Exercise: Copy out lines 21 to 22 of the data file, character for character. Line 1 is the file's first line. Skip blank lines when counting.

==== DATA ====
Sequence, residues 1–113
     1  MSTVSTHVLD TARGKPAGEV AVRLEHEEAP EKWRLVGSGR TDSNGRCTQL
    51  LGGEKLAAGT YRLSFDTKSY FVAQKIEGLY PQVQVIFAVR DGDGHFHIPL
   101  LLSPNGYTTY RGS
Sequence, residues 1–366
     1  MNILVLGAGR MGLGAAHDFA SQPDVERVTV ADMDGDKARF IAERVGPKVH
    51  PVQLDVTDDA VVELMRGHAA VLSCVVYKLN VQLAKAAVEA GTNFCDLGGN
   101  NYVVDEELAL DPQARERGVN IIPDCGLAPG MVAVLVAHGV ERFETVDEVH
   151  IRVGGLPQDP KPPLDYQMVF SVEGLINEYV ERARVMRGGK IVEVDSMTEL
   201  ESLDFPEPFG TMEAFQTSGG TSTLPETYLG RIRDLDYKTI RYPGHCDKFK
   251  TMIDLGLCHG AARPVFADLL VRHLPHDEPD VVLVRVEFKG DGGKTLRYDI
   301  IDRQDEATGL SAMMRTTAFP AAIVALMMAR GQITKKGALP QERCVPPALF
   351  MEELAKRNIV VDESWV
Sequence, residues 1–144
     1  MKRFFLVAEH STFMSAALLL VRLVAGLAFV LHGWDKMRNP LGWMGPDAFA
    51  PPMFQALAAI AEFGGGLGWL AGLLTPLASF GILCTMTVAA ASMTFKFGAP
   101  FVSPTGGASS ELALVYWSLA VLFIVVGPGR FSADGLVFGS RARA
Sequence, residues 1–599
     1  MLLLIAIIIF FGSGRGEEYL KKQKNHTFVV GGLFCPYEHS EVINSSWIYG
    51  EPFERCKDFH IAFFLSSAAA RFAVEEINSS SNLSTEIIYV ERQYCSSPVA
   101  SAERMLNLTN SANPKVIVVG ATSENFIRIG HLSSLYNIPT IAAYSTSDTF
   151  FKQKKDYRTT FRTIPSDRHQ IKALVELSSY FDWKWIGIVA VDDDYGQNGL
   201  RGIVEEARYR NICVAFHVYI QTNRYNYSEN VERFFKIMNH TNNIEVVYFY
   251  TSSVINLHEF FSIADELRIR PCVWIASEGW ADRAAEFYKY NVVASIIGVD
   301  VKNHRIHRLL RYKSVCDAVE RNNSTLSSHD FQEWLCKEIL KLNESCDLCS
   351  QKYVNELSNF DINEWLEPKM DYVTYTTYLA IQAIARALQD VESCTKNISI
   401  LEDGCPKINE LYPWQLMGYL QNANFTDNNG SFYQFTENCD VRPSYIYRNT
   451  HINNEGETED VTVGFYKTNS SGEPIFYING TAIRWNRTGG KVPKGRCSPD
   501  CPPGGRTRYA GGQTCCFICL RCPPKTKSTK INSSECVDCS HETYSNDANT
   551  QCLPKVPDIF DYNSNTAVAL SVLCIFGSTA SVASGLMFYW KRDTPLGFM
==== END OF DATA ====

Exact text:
   101  SAERMLNLTN SANPKVIVVG ATSENFIRIG HLSSLYNIPT IAAYSTSDTF
   151  FKQKKDYRTT FRTIPSDRHQ IKALVELSSY FDWKWIGIVA VDDDYGQNGL